Genetic Variation in Coagulation Factors and Risk of Haemorrhage
Ms Erlinda Dedgjonaj
Institution or company
Imperial College London
Genomics and Rare Diseases, Haematology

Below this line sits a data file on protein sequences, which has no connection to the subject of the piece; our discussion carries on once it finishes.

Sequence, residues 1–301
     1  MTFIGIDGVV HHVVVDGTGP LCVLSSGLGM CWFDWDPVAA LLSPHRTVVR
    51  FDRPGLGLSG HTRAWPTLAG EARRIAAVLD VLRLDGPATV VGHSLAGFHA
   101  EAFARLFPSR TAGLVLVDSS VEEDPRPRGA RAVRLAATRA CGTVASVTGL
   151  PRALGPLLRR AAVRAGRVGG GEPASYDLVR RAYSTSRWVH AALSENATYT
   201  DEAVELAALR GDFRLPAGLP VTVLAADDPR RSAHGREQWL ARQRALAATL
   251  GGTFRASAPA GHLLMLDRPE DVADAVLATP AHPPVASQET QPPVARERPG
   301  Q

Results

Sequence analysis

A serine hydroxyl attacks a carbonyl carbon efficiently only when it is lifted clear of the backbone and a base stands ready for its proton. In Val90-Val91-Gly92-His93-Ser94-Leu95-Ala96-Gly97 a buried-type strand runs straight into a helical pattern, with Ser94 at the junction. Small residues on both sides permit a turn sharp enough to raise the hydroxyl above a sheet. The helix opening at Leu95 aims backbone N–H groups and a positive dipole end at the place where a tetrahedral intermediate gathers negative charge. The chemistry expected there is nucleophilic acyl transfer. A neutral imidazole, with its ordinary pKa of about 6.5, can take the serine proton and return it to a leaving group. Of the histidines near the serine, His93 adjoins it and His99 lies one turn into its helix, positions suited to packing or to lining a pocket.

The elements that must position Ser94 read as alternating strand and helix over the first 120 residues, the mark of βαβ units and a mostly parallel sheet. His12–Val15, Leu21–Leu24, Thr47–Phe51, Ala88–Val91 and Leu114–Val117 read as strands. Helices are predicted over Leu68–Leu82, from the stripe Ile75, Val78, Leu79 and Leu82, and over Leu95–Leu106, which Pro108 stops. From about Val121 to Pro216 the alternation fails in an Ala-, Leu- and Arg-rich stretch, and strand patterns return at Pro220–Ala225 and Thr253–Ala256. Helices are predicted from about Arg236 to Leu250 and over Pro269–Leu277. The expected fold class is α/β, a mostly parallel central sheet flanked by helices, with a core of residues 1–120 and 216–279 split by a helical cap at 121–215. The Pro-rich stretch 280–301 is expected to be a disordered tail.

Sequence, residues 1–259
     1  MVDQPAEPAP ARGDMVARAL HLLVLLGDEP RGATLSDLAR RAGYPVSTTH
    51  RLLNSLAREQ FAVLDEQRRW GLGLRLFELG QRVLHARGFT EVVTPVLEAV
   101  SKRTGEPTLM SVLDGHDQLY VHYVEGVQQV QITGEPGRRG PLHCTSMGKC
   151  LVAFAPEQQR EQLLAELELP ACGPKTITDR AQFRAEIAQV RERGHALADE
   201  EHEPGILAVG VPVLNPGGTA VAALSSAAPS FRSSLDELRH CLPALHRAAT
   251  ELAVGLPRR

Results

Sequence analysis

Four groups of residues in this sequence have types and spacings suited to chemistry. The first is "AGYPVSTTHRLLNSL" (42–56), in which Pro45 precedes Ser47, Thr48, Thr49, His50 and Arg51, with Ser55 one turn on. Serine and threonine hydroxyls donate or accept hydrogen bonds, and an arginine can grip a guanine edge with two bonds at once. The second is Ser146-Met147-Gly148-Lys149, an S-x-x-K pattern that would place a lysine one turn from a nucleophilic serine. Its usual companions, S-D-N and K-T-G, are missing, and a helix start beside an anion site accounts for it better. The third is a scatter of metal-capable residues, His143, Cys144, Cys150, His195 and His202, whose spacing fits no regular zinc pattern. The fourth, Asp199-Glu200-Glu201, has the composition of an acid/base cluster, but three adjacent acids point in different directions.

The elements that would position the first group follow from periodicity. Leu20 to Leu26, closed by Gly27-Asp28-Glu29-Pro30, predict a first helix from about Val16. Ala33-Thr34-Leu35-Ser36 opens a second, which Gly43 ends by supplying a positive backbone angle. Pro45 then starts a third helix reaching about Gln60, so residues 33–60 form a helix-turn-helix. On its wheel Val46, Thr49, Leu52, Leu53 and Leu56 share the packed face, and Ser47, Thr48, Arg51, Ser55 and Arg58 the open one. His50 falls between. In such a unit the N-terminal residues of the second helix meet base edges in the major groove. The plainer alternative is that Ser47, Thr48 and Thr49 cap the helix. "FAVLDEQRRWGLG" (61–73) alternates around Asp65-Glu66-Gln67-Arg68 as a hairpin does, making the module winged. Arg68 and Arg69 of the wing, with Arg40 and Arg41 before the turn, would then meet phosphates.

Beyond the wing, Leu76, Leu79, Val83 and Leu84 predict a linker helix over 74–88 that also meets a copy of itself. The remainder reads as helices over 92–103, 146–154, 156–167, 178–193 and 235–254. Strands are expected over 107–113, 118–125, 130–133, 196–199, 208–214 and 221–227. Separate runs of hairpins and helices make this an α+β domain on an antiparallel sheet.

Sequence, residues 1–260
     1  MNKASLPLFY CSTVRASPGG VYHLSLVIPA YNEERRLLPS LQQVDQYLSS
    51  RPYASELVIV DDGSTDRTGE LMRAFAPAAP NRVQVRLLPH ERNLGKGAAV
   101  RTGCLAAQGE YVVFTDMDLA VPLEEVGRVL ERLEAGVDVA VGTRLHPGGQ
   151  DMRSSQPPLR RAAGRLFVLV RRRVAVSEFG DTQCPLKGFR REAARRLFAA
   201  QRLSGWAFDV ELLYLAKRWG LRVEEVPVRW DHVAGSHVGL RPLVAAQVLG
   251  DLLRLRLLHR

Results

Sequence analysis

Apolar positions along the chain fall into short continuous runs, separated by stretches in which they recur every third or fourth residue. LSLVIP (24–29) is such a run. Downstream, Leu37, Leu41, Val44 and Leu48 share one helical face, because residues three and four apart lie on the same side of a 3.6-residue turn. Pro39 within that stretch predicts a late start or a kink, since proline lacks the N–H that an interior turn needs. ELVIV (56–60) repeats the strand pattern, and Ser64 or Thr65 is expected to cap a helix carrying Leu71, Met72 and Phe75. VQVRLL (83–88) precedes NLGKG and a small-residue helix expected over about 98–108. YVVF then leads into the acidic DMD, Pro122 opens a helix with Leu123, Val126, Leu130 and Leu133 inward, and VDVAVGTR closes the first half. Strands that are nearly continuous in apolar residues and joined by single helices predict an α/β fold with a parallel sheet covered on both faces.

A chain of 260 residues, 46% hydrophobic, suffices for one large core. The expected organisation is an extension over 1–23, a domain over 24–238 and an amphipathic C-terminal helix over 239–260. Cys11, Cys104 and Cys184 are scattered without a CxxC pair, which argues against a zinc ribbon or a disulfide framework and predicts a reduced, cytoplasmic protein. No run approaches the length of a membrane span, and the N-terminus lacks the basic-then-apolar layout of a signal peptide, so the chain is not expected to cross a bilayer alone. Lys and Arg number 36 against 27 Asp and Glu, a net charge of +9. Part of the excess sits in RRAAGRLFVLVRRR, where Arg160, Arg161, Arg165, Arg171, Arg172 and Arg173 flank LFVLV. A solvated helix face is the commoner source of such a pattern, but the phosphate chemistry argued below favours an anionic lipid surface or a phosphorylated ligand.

The function of the coagulation system is to ameliorate blood loss (haemorrhage) by clotting when the integrity of a blood vessel wall has been breached. The formation of a blood clot depends on a cascade of interactions between numerous proteins in the blood to generate fibrin which stabilises the primary platelet plug. The concentrations of these proteins vary considerably between individuals and it has been hypothesised that the concentration of certain coagulation factors in the blood may be a significant determinant of the risk of bleeding or haemorrhage, including the risk of major haemorrhage during surgery and after trauma. Recent advances in molecular measuring technology have allowed the systematic measurement of concentrations of selected proteins in blood plasma, in thousand of participants in epidemiological cohorts. Genome-wide association studies have identified hundreds of alleles associated with concretions of proteins, many of which are coagulation factors (e.g. Sun et al 2018). We will use genetic data from the INTERVAL cohort to build models to predict variation in coagulation factor levels. We will apply these models to the NIHR rare disease sequencing cohort and determine whether the genetically predicted coagulation factor levels are are associated with bleeding phenotypes.